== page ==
There were many things that I wouldn’t hesitate to do in my sweatpants back home- go for breakfast, a trip to the grocery store, grab a coffee with friends, a movie even. Why be constricted when you can be comfortable? (You can write that down by the way.) You never know when you’ll be called upon to perform some sort of acrobatic feat of genius or you know, need to sit cross legged on the floor somewhere- and I’m certain you can’t do either of those things in skinny jeans. You have to be ready for anything.
Fast forward to France- one of the most stylish cities in the world and one almost completely devoid of le sweatpant (no, not even for sleeping- get yourself some proper pajamas already). Mon dieu! At first I thought it would be good for me, and I suppose I’m slowly coming around to the idea of dressing for every task that may present itself throughout the day, but sometimes, it can be exhausting.
Going to the local boulangerie for a morning baguette et croissant requires no less than a pair of pants, shoes and respectable shirt- an epic undertaking when you consider that this is all before the more civilized hour of 9am. Messy bed hair (unless intentional, in that model-y way), is completely unacceptable so grab a hat and some sunglasses unless you’re ready for some serious stare downs. Grabbing a pizza a emporter? Better think twice about those shoes. You never know who you’ll encounter on your four block walk back.
The reason for this requirement of respectable dress is simple: any other way is just not pleasant to look at. It is nicer for the woman who hands you your viennoiserie each morning to gaze upon someone who looks put together and polished rather than a disheveled mess of baggy cotton. Appearance matters. And if yours negatively impacts the eyeballs of the French, you better go home and change, stat.
In our first apartment on the fourth floor of an old French building, the resident common area (housing the mail, trash and recycling bins) was located in the courtyard. No matter the time of day, appropriate attire had to be worn because human interaction was simply inevitable. I’m pretty sure even Mimi, the French cat who lived next door, would roll her feline eyes at me if I left the confines of my humble abode in anything less than chic. Who wants to be known as l’Americaine who can’t seem to dress herself properly to check the mail? Don’t you want to look your best for your letters? I can hear them thinking.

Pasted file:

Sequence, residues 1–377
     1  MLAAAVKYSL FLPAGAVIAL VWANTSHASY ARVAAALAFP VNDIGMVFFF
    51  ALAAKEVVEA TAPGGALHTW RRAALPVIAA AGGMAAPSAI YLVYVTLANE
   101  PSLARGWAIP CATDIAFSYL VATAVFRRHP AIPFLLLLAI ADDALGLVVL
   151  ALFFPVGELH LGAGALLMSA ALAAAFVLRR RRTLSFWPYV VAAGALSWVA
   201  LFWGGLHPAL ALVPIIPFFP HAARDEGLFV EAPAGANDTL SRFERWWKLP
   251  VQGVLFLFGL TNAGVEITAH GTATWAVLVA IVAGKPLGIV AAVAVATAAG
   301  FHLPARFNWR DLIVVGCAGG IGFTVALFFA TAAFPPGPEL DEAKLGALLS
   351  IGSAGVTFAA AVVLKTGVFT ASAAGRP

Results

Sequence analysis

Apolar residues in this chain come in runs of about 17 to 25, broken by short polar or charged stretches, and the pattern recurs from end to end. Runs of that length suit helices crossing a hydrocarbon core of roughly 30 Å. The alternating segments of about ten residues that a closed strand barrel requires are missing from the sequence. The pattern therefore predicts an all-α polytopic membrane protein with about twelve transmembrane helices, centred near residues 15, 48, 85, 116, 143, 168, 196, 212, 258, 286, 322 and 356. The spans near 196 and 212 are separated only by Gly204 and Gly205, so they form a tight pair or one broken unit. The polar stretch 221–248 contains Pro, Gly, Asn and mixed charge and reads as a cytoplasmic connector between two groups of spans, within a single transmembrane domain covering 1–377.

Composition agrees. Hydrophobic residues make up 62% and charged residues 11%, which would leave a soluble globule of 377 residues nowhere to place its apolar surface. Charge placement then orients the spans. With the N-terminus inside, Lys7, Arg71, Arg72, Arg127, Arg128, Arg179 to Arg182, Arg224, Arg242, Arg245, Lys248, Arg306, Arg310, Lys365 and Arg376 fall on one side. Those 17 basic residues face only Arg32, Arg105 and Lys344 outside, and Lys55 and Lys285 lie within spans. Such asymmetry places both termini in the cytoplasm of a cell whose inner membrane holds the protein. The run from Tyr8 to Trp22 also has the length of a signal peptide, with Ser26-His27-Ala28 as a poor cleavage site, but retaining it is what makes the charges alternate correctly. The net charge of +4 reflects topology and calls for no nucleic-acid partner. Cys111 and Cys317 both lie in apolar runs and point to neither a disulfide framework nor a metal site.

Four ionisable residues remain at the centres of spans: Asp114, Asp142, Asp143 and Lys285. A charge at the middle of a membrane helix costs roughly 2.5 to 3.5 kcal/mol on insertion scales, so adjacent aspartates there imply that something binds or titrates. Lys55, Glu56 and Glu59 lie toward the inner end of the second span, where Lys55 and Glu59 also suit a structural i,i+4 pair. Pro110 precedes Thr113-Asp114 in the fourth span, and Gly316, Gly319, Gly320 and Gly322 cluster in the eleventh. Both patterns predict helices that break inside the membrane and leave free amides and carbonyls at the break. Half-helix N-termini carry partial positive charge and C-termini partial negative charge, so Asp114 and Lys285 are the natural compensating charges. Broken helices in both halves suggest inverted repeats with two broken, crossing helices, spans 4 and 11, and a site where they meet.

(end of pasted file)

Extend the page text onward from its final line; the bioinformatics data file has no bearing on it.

When we moved into a ground floor apartment (so many valuable life lessons have been learned already this year), this reasoning became even more relevant. I never knew when someone would pass by the door or window, both of which were easily visible from the courtyard, and pop in with a question or request. On a regular basis, and in broken French, I would need to apologetically explain that I was unable to assist.
One weekend I made the mistake of lounging in a navy Brooklyn sweatshirt, pink (pink!) sweatpants and Minnie Mouse socks (clearly I have no shame) when I was called to the door by an impeccably dressed French man. After explaining that I could not be of help, he asked, “You are a student?” Because that is the only explanation for my extreme fashion faux pas and even then. Nothing came after that- he was just making sure, and pleasantly so at that. Mortified, I shut the door and took off my socks (hey, Rome wasn’t built in a day).
It is tiresome sometimes, when you groggily roll out of bed only to realize you’re out of coffee and now need to begin the process of dressing up to go get said coffee a mere 50 steps from your door. But, it’s just Paris being Paris, and who can fault a city like this for wanting to look its best?
So, I apologize to all who have encountered my appearance in less than ideal conditions and I promise I’m working on it. And, if I simply must walk to the recycling bin in sweatpants, I promise that at least they will be black.